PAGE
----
Noumenality is present wherever and whenever phenomenality is present, for neither can ever have independent existence.

Every phenomenon, at every moment, is then noumenon and is thereby a centre, the centre of an infinity and an eternity of which, since they are by definition without limit, the centre must necessarily be everywhere and always.

That is the only sense in which any phenomenon can say I, and in that limited sense every sentient phenomenon is necessarily I in every act of sentience, wherever and whenever such an act may occur.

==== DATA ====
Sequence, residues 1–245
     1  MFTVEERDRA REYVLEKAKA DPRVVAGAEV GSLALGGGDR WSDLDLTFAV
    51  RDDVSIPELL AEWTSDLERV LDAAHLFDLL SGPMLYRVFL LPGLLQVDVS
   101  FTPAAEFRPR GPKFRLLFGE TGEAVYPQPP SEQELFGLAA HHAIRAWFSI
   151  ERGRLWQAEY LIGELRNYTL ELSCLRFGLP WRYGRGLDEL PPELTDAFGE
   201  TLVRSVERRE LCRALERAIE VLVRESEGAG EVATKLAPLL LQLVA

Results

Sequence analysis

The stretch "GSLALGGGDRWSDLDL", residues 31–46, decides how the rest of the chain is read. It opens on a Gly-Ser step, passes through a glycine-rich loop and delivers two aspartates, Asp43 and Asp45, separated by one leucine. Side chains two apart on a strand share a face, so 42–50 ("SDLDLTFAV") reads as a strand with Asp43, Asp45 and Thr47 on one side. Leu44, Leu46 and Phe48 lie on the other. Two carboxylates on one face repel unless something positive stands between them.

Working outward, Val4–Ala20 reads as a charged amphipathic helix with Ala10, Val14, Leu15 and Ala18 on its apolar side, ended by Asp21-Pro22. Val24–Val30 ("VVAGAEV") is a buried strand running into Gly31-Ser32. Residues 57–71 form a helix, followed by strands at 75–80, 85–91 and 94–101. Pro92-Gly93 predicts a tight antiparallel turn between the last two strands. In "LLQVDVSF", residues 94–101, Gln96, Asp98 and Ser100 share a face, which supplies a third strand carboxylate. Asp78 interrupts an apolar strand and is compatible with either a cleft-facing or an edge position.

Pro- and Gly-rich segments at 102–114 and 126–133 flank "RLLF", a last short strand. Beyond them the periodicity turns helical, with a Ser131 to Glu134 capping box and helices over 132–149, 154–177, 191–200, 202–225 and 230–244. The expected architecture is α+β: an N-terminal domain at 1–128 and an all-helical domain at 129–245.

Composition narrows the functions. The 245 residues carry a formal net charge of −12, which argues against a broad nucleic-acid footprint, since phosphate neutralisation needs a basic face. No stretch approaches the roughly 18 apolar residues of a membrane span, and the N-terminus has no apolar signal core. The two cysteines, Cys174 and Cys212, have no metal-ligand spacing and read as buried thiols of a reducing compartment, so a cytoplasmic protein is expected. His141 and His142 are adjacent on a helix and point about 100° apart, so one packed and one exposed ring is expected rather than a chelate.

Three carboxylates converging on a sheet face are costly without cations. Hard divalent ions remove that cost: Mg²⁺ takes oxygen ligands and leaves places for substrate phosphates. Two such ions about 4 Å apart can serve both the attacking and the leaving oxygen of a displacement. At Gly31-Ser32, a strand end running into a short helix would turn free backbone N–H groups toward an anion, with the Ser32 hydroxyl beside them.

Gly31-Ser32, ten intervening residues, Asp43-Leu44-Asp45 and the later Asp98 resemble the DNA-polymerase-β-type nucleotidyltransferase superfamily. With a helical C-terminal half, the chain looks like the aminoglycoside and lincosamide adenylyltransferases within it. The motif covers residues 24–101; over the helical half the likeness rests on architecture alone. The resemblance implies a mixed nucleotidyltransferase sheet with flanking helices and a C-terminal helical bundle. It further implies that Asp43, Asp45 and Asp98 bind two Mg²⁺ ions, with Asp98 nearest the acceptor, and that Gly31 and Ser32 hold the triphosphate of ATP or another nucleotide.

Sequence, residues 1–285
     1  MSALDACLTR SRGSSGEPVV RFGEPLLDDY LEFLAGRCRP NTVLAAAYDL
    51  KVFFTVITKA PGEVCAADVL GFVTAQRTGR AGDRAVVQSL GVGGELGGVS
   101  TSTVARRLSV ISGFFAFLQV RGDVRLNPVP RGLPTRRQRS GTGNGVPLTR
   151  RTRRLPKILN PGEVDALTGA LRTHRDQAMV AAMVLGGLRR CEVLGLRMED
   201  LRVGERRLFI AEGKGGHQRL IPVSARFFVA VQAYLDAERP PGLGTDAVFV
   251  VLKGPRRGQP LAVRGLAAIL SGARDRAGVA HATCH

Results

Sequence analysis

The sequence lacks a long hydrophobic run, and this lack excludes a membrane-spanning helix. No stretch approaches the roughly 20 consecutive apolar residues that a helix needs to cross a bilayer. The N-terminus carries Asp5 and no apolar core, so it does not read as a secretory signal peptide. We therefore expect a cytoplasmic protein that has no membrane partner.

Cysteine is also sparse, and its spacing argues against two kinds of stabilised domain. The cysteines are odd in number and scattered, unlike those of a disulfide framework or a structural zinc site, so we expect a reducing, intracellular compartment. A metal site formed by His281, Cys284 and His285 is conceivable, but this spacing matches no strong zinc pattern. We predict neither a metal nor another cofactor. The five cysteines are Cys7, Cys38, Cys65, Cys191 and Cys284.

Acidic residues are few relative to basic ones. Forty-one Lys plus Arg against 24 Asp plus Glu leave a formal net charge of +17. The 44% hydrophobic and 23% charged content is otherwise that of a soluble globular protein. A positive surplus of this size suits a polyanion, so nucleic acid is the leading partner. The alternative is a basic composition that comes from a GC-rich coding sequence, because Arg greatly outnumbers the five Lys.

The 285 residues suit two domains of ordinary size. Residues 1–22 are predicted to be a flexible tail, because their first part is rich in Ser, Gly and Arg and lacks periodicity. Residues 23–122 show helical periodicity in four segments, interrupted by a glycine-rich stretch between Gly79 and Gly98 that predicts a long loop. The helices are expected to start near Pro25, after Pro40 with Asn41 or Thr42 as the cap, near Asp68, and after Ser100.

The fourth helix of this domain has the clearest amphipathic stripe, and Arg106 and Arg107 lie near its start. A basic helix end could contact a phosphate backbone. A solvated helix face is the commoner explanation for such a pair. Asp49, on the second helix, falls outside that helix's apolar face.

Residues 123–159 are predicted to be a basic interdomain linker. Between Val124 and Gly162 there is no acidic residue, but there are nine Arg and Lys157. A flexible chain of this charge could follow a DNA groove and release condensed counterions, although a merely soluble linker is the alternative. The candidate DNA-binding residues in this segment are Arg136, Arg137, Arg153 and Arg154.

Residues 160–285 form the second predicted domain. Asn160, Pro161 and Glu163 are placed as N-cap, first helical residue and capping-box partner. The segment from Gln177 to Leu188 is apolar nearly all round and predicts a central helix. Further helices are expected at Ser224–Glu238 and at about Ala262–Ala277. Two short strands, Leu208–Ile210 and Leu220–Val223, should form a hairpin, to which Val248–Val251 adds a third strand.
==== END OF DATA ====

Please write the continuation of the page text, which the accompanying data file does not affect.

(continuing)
Every sentient appearance can say I, therefore, although itself can never be I as an appearance. Consequently noumenally it is I which perform such act wherever and whenever it may be performed and by whatever sentient phenomenon such act may appear to be performed. But neither the (objective) performer of the act nor the (objective) act itself can ever be I, since they are only a phenomenal duality.

That is not easy to say; perhaps it may not be easy to understand, but the inseeing of it is seeing into what we are.

Inseeing, however, is not enough, though its expression reaches the limit of the function of words, for words, being subject to duality, cannot transform inseeing into inbeing - which is disidentification.

(© HKU Press, 1966)

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